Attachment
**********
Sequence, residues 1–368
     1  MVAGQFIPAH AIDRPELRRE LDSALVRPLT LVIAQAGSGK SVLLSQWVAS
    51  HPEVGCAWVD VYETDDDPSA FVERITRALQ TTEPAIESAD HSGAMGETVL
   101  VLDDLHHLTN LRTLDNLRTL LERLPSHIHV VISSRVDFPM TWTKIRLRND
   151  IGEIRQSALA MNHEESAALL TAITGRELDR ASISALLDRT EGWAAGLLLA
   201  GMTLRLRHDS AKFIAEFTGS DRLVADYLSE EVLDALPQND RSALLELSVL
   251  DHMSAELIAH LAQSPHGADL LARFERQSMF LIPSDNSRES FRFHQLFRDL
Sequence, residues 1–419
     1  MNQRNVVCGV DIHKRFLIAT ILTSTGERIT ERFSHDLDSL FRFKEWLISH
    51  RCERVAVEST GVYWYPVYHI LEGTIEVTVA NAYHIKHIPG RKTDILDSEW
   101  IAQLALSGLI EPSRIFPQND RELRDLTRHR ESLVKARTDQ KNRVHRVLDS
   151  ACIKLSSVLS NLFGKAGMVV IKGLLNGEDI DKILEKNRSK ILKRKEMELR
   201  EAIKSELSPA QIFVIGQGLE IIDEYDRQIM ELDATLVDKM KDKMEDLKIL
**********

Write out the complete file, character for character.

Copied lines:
Sequence, residues 1–368
     1  MVAGQFIPAH AIDRPELRRE LDSALVRPLT LVIAQAGSGK SVLLSQWVAS
    51  HPEVGCAWVD VYETDDDPSA FVERITRALQ TTEPAIESAD HSGAMGETVL
   101  VLDDLHHLTN LRTLDNLRTL LERLPSHIHV VISSRVDFPM TWTKIRLRND
   151  IGEIRQSALA MNHEESAALL TAITGRELDR ASISALLDRT EGWAAGLLLA
   201  GMTLRLRHDS AKFIAEFTGS DRLVADYLSE EVLDALPQND RSALLELSVL
   251  DHMSAELIAH LAQSPHGADL LARFERQSMF LIPSDNSRES FRFHQLFRDL
Sequence, residues 1–419
     1  MNQRNVVCGV DIHKRFLIAT ILTSTGERIT ERFSHDLDSL FRFKEWLISH
    51  RCERVAVEST GVYWYPVYHI LEGTIEVTVA NAYHIKHIPG RKTDILDSEW
   101  IAQLALSGLI EPSRIFPQND RELRDLTRHR ESLVKARTDQ KNRVHRVLDS
   151  ACIKLSSVLS NLFGKAGMVV IKGLLNGEDI DKILEKNRSK ILKRKEMELR
   201  EAIKSELSPA QIFVIGQGLE IIDEYDRQIM ELDATLVDKM KDKMEDLKIL